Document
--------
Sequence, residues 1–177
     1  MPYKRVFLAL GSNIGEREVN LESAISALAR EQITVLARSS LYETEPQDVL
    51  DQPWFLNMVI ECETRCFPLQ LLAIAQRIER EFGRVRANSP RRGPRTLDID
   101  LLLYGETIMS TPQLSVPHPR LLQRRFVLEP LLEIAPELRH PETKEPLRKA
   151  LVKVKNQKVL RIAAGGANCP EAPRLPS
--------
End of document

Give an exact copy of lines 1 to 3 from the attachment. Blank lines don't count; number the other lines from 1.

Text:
Sequence, residues 1–177
     1  MPYKRVFLAL GSNIGEREVN LESAISALAR EQITVLARSS LYETEPQDVL
    51  DQPWFLNMVI ECETRCFPLQ LLAIAQRIER EFGRVRANSP RRGPRTLDID